In the contest between cheap debt and financial discipline, cheap debt wins again.
Bayer's pursuit of U.S. seeds giant Monsanto was looking expensive even before it clinched the deal this week with a sweetened $57 billion bid ($66 billion including debt). The German life-sciences group is justifying the higher price partly on the basis that it will be accretive from the get-go.
When your borrowing costs are next to nothing, that logic can be used to justify almost any pricey acquisition.
Bayer says its per-share earnings, using the company's preferred measure, will get a boost in the first year of the deal, and be enhanced by a double-digit percentage in the third. The magical feat is possible because it is paying all cash and funding this mainly with cheap borrowing -- in this low-yield world, Bayer is able to borrow at around 1 percent. True, there’s a $19 billion equity issue planned. Even so, Bayer will evidently get more of a gain from absorbing Monsanto’s earnings than it will pay on financing their acquisition. Talk about stimulus.
By standard deal metrics, the rationale is weaker. The offer for Monsanto’s equity is a premium of $17 billion-plus above Monsanto’s market value prior to Bayer’s interest emerging in May. Bayer envisages the takeover generating an Ebitda boost of $1.5 billion annually -- mostly from cost savings but partly from sales gains -- three years after completion. Disappointingly, Bayer unearthed no extra savings in due diligence. It’s hard to see these financial benefits covering the premium paid. Their net present value is around $12 billion, Bernstein analysts estimate.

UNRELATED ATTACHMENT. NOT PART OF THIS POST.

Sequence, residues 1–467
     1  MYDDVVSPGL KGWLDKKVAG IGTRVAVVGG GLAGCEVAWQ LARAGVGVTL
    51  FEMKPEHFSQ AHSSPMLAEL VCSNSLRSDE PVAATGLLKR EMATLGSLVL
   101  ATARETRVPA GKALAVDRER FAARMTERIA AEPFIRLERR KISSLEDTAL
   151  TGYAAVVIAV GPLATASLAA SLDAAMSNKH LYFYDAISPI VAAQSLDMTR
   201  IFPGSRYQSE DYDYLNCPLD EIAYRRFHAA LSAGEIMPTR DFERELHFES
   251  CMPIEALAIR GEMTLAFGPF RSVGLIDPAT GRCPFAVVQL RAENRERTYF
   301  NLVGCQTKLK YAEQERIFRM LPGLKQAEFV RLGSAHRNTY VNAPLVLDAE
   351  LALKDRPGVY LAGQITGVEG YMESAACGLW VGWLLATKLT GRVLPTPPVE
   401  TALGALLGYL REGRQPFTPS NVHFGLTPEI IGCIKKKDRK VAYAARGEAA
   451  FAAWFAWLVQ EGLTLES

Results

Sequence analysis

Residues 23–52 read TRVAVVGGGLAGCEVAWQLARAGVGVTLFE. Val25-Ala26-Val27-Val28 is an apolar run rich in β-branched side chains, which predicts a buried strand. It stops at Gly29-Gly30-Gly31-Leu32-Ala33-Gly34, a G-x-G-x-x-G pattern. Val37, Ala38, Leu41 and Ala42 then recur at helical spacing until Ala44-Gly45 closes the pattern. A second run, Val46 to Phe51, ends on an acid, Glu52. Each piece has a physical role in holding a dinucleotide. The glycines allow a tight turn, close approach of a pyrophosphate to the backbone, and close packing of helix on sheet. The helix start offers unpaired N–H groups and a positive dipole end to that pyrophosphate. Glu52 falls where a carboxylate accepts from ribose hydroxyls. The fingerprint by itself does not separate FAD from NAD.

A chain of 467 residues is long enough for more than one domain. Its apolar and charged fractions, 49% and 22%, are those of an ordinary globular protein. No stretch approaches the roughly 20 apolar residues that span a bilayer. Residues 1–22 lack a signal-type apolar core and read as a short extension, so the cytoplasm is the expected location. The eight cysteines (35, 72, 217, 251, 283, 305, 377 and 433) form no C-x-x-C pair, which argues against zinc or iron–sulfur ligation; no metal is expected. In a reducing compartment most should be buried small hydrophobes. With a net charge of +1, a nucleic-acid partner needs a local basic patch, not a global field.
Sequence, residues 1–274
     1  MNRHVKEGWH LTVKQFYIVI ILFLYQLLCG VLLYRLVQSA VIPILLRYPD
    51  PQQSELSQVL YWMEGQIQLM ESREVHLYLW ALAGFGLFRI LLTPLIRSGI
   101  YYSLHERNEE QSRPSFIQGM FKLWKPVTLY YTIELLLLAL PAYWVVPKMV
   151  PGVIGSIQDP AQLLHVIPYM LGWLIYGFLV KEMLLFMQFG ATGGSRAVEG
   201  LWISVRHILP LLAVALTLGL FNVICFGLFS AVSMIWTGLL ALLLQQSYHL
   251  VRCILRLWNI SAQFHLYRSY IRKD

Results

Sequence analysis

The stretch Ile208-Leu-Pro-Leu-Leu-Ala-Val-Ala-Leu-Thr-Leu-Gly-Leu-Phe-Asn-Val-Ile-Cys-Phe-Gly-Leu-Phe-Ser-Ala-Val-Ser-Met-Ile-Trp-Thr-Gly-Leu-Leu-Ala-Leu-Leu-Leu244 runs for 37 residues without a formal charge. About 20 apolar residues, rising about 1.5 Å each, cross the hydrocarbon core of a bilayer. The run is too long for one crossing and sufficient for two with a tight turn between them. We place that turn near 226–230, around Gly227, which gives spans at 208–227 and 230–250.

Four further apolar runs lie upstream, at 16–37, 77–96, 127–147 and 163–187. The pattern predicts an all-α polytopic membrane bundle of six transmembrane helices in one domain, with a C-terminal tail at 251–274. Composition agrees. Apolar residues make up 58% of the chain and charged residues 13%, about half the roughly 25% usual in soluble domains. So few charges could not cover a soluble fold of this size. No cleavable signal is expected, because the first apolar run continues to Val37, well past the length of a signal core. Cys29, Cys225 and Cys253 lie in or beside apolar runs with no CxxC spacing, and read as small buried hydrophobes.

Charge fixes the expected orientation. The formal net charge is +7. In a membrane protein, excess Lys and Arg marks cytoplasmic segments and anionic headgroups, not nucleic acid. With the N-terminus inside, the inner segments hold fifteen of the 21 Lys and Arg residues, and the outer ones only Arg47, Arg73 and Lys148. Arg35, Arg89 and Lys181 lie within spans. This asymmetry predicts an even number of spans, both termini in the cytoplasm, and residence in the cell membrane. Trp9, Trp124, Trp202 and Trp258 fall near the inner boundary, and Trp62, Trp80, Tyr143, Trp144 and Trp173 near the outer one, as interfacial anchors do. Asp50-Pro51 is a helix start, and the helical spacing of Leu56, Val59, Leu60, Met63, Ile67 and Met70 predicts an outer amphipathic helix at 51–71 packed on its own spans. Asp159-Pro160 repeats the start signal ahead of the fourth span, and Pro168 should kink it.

What’s more, Bayer doesn’t see the deal covering its cost of capital for four years. Some analysts think it may take far longer. On this assessment of value creation, the payback is distant or non-existent. The mitigation may be that Monsanto's starting value was unduly depressed given the state of the agricultural industry right now, or that Bayer has under-cooked the synergies. This doesn't look like a case of a buyer discovering value in a neglected stock. But it's not unlikely that Bayer has more deal benefits up its sleeve than it has so far let on.
For now, shareholders are taking nothing on trust. Despite climbing Wednesday after the deal was announced, Bayer's stock has underperformed the DAX index since merger talks first surfaced.
Investors are pricing in the apparent value destruction from the deal rather than the earnings boost. After all, overpaying is overpaying -- whether it's funded by cash, shares or anything else.
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